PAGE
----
US NSA Sullivan asked Zelenskyy for caution regarding Poland missile incident

17 November 2022, 07:55 PM
Jake Sullivan (Photo:REUTERS/Gleb Garanich)

Jake Sullivan (Photo:REUTERS/Gleb Garanich)

U.S. National Security Adviser Jake Sullivan called Ukrainian President Volodymyr Zelenskyy and asked him to be more careful when commenting on the situation around the deadly Nov. 15 missile incident in Poland, CNN reported on Nov. 17, citing unnamed sources.

According to the report, Sullivan called Zelenskyy after the president claimed that “Russian missiles have struck Poland,” in a “major escalation.” Sullivan urged the Ukrainian leader and his officials to be “more careful” in their comments on the incident.

CNN’s sources further claimed Zelenskyy did not speak with U.S. President Joe Biden on the day of the incident, despite having made such a request. Besides Sullivan, U.S. Secretary of State Antony Blinken spoke on the matter with Ukrainian Foreign Minister Dmytro Kuleba, similarly urging caution.

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As he was attending the G-20 Summit in Indonesia, Biden was reportedly woken up in the middle of the night, hours after the incident. By 05:30 a.m., U.S. and Polish leaders were in contact, discussing their joint investigation of the missile’s crash.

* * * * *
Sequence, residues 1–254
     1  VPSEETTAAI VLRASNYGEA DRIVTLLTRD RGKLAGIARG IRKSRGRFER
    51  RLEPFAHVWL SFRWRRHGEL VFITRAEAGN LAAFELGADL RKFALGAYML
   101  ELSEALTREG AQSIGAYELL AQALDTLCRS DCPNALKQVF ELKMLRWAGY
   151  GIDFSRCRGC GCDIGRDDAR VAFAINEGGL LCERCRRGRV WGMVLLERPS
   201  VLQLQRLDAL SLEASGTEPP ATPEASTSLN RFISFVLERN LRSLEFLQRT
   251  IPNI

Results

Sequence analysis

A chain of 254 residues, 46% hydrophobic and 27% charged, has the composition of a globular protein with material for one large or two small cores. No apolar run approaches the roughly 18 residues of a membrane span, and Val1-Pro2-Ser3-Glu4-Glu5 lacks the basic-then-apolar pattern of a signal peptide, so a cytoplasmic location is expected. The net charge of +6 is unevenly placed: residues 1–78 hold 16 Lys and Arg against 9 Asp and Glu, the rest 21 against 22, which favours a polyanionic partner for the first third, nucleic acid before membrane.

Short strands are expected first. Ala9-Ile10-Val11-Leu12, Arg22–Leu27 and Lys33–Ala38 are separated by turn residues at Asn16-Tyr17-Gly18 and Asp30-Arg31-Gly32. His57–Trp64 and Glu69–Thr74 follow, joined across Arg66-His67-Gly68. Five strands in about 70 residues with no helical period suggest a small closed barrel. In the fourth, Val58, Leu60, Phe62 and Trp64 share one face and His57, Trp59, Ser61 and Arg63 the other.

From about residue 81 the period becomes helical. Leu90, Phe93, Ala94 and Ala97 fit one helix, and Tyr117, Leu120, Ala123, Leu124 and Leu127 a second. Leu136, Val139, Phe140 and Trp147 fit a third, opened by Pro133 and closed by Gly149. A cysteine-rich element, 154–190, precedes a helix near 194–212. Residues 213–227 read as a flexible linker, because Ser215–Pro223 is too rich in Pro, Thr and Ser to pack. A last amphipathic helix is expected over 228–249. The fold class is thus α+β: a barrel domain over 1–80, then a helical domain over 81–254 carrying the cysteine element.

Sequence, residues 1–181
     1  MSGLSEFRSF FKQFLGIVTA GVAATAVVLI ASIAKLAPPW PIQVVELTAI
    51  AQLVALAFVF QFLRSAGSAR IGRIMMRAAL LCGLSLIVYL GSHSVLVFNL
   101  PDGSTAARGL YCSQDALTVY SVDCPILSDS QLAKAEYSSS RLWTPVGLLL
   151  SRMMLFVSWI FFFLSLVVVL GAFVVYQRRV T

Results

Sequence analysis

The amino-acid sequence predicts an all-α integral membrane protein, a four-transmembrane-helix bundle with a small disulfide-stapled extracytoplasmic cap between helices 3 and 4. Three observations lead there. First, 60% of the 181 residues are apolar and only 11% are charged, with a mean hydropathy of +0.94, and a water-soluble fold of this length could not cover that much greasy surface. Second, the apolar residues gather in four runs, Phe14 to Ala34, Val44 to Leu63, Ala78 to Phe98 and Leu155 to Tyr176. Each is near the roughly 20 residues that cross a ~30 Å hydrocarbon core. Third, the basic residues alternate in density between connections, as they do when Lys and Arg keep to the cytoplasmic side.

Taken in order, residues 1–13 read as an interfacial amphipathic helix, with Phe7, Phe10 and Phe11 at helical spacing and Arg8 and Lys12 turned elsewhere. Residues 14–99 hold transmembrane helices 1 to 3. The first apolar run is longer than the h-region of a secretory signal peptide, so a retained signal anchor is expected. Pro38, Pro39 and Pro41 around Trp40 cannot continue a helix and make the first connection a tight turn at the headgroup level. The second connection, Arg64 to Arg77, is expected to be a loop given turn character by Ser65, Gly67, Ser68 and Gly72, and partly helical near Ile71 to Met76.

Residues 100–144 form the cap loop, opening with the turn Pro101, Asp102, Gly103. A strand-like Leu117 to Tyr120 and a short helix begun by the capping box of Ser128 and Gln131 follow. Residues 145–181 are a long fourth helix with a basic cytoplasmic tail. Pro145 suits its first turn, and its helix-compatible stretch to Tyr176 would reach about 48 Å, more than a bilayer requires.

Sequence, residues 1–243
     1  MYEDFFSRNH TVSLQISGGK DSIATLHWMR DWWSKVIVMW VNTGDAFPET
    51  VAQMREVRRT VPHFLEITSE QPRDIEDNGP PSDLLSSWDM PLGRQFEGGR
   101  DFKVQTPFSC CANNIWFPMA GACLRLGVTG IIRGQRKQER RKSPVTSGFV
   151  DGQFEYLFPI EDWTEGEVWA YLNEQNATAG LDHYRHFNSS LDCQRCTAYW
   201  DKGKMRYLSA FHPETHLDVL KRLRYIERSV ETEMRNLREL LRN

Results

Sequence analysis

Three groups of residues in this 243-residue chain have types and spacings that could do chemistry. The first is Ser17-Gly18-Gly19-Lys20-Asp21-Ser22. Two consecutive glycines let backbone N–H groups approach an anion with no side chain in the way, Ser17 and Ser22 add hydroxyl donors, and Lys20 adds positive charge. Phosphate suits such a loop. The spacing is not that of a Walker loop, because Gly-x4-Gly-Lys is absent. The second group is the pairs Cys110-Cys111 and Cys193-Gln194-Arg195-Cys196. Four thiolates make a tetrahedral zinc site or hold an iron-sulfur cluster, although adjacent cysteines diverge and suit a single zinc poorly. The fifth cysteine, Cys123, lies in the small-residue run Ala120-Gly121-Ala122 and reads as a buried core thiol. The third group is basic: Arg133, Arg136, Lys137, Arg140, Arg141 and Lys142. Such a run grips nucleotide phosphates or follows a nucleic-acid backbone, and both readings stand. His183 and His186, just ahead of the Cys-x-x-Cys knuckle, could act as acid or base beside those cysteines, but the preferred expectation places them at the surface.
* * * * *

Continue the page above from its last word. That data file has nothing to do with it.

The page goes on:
Several hours later, Biden told journalists it was unlikely the missile came from Russia.

On Nov. 15, during a massive Russian air attack on the civilian infrastructure of Ukraine, a missile fell onto the village of Przewodów in the Lublin district of Poland, killing two people.

After that, Polish Prime Minister Mateusz Morawiecki convened an urgent meeting of the National Security and Defense Affairs committee.

Polish President Andrzej Duda later said the missile could have been fired by Ukrainian air defenses as they were intercepting incoming Russian cruise missiles inbound at targets near Poland’s border.

The White House said that whatever conclusion the investigation reaches, the ultimate responsibility for the incident lies with Moscow, as its missile strikes against Ukraine were the reason for Kyiv launching anti-air missiles in the first place.

By Nov. 17, Ukrainian experts were allowed to examine the crash site in Przewodów.

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